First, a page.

Featured

What the CDC recommends for fully vaccinated people-another update

Fully vaccinated people can visit with other fully vaccinated people indoors without wearing masks or physical distancing.

This information is current as of the publication date; it is general medical information that helps doctors and patients make decisions about what is right for them. Medical recommendations and practice changes as we learn new things. If you deal with any of these issues , please discuss with your doctor before taking any action.

Now that many of us have been vaccinated against the coronavirus we want to know what we can safely do. We should also be wondering what is the risk of various activities, as nothing will ever be risk free.

And many state governors, including mine, are removing COVID-19 mitigation measures, including mask mandates and recommendations. So we need to stay informed so we can be “personally responsible.” (My governor’s favorite phrase.)

update April 27, 2021

The CDC has updated the guidelines and address wearing masks outdoors.

fully vaccinated people can travel domestically with pre or post testing
Here is what the CDC, Centers for Disease Control and Prevention, posted on their web site as of April 27, 2021.

Interim Public Health Recommendations for Fully Vaccinated People

For the purposes of this guidance, people are considered fully vaccinated for COVID-19

  • ≥2 weeks after they have received the second dose in a 2-dose series (Pfizer-BioNTech or Moderna), or We
  • ≥2 weeks after they have received a single-dose vaccine (Johnson and Johnson (J&J)/Janssen ).
Dr. Aletha inspecting her arm after a COVID-19 shot
Three days after my first vaccination the soreness in my arm was almost gone, and I had no redness or swelling. After the second shot, minimal soreness. No other side effects to report. I feel fortunate. I am now fully vaccinated.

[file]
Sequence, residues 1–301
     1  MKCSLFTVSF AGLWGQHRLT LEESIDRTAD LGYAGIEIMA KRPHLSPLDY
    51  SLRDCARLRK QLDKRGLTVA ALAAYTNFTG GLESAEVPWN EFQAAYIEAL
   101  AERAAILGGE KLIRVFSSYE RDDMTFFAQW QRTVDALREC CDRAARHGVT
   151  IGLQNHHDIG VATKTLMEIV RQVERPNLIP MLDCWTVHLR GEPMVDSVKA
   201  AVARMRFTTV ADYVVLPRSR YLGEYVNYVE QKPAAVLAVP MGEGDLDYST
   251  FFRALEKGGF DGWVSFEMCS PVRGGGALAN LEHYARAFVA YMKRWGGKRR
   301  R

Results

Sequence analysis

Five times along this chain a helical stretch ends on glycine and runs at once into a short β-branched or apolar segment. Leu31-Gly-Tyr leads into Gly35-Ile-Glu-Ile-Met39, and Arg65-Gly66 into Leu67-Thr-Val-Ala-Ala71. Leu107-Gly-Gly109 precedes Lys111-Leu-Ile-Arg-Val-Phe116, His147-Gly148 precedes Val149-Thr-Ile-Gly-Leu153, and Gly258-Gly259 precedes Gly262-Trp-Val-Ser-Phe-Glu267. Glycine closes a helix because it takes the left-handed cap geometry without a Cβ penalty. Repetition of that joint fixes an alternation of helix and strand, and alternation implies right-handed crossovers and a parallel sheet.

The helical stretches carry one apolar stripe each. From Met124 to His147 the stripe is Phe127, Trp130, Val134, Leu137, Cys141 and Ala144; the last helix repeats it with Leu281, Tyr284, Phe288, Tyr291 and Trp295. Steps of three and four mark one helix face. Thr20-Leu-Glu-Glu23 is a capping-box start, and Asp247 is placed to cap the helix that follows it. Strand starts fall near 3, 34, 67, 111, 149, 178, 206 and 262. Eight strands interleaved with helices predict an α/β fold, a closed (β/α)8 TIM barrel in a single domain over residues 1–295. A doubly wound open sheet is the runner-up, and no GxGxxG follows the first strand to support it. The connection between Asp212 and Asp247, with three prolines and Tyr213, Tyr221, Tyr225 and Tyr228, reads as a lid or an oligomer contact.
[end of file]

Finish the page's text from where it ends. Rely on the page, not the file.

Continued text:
Fully vaccinated people can:

  • Visit with other fully vaccinated people indoors without wearing masks or physical distancing
  • Visit with unvaccinated people from a single household who are at low risk for severe COVID-19 disease indoors without wearing masks or physical distancing
  • You can gather or conduct activities outdoors without wearing a mask except in certain crowded settings and venues.
  • Refrain from quarantine and testing following a known exposure if asymptomatic
  • If you travel in the United States, you do not need to get tested before or after travel or self-quarantine after travel.
  • You need to pay close attention to the situation at your international destination before traveling outside the United States.

For now, fully vaccinated people should continue to:

  • Take precautions in public like wearing a well-fitted mask and physical distancing
  • Wear masks, practice physical distancing, and adhere to other prevention measures when visiting with unvaccinated people who are at increased risk for severe COVID-19 disease or who have an unvaccinated household member who is at increased risk for severe COVID-19 disease
  • Wear masks, maintain physical distance, and practice other prevention measures when visiting with unvaccinated people from multiple households
  • Avoid medium- and large-sized in-person gatherings
  • Get tested if experiencing COVID-19 symptoms
  • Follow guidance issued by individual employers
  • Follow CDC and health department travel requirements and recommendations

My key points from these recommendations

  • Refrain from quarantine and testing if exposed, unless you have symptoms.
  • Interactions involving ONLY people who are fully vaccinated are low risk.
  • Interactions involving people not vaccinated have more risk.
  • Interactions with people who are at increased risk of severe disease should be approached cautiously, with safeguards fully in place.
  • Attending large group gatherings still carries significant risk to all involved.
  • Outdoor activities are very low risk, but are not 100% safe either, especially for unvaccinated people
  • Testing is still important.
  • Travel within the United States requires no pre or post testing or quarantine.
  • For international travel, you will still be required to follow the rules for the countries you are visiting upon arrival and while there.

Testing, testing, testing

Testing helps us identify cases, trace contacts, and prevent spread. With fewer cases, public health professionals can find contacts easier and sooner. Stopping spread will make the variant viruses less of a threat.

So please don’t stop seeking testing if you have symptoms; it is still important to know how many cases of COVID-19 there are. If we only know about the severe cases that required hospitalization, it will skew the statistics, and be less representative of the true extent of the pandemic.

Practice social distancing and wear a mask.

Masks-“do unto others”

I’m not here to debate the use of masks. If you’ve been wearing one, you probably should continue to do so, unless in a setting with others who you can confirm are vaccinated or immune due to natural infection.

Remember, this is a contagious infectious disease spread by direct person to person contact. It’s not just about you, we’re here for each other.